26 November 2015

Protest Against Black Pete

Black Pete

WILLEMSTAD – Upon the arrival of Sinterklaas in Curaçao next Saturday Museo Tula (Tula Museum) will protest against this, what they call, racist tradition. This was announced by Stanley Quirindongo on behalf of the museum.

“We need to come up with a new tradition. We are not giving value to our color with the Black Pete. It doesn’t even matter if they paint their faces all kinds of other colors. Let’s stop with this tradition,” said Quirindongo.
Museo Tula points out that the human history and civilization have begun in Africa. Despite the humiliating century of slavery, our forefathers have always ensured that there is mutual concern and cooperation between the people. “Still our youth don’t even know about their African roots.”
In this ‘atmosphere of ignorance’ we celebrate every year Sinterklaas. “The white man on the horse who looks down on his helpers. This black man is stupid and a clown, he can only do strange things.”
It is a Dutch children’s tradition. Quirindongo says that it is full of humiliating elements and it is also a racist tradition.
World Beyond War . . .

Okinawa delegation in Washington to Challenge Construction of U.S. Marine Air Base Runway

By Ann Wright
A 26 person delegation from the All Okinawa Council will be in Washington, DCNovember 19 and 20 to ask members of the U.S. Congress to use their power to stop the construction of runway for the U.S. Marine base at Henoko into the pristine waters of the South China Sea.
The delegation is concerned about the environmental impact of the new facilities, including a runway to be built into the coral areas and natural habitat of the marine mammal, the dugong and the continued militarization of their island. Over 90% of all U.S. military bases in Japan are located in Okinawa.
The Henoko construction plan faces substantial opposition from the people of Okinawa.  Protests of 35,000 citizens, Including many senior citizens, against the construction of the base have rocked the island.
The issue of the Henoko relocation plan has taken a critical turn. On October 13th, 2015, Okinawa’s new Governor Takshi Onaga revoked the land reclamation approval for the Henoko base construction, which was granted by the previous governor in December 2013.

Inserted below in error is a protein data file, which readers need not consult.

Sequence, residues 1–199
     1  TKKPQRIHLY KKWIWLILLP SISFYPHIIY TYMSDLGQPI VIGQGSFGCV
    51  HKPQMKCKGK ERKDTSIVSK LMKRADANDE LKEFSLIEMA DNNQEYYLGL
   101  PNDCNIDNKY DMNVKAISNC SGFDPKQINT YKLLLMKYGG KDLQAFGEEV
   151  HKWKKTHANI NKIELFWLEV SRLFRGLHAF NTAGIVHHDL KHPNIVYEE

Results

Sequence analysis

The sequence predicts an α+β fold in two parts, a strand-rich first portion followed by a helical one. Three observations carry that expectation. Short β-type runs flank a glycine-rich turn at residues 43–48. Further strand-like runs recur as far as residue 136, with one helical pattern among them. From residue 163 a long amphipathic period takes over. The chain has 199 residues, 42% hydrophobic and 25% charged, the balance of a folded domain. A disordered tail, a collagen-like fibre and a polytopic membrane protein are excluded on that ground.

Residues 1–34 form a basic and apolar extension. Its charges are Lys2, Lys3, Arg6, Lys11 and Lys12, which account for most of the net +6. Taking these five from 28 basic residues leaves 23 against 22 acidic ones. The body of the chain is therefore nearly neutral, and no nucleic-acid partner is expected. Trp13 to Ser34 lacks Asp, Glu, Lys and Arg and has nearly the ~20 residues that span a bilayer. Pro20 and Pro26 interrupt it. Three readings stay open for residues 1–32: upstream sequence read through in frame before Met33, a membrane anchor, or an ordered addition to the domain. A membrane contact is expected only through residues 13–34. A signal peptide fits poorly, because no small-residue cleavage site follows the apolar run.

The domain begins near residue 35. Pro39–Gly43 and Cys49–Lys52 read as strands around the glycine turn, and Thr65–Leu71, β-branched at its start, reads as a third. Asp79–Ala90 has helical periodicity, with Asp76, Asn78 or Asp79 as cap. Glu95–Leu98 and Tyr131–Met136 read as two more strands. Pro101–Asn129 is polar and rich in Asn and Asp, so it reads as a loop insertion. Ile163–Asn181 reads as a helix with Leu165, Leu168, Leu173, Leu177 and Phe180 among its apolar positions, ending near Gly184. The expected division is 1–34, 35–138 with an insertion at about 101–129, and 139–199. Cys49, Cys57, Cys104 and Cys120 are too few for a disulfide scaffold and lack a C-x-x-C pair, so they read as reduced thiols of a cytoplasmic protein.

The All Okinawa Council is a civil society organization, consisting of members of civil society organizations/groups, local assemblies, local communities, and business establishments.
Members of the delegation will have meetings with several Congresspersons and staffers on November 19 and 20 and will hold a briefing in the U.S. House of Representatives in Rayburn building room 2226 at 3pm on Thursday, November 19. The briefing is open to the public.
At 6pm on Thursday, November 19, the delegation will host a showing of the documentary “Okinawa: The Afterburn” at the Brookland Busboys and Poets, 625 Monroe St., NE, Washington, DC 20017.
The film is a comprehensive picture of the 1945 Battle of Okinawa and the 70-year occupation of the island by the US military.
On Friday, November 20, the delegation will hold a rally at the White House at noon and asks for support from local organizations opposed to expansion of U.S. military bases around the world.
The Henoko base construction in Okinawa would be the second base in Asia and the Pacific to be used by US military that has faced enormous citizen outrage as both bases will destroy environmentally sensitive areas and increase the militarization of their countries.  The construction of the South Korean naval base on Jeju Island that will homeport ships carrying the US Aegis missiles has caused massive citizen protests.
About the Author:  Ann Wright served 29 years in the US Army/Army Reserves and retired as a Colonel.  She was a US diplomat for 16 years and resigned in 2003 in opposition to the Iraq war.  She has travelled to both Okinawa and Jeju Island to speak on U.S. military bases and sexual assault by US military members on women in the local communities.<--break->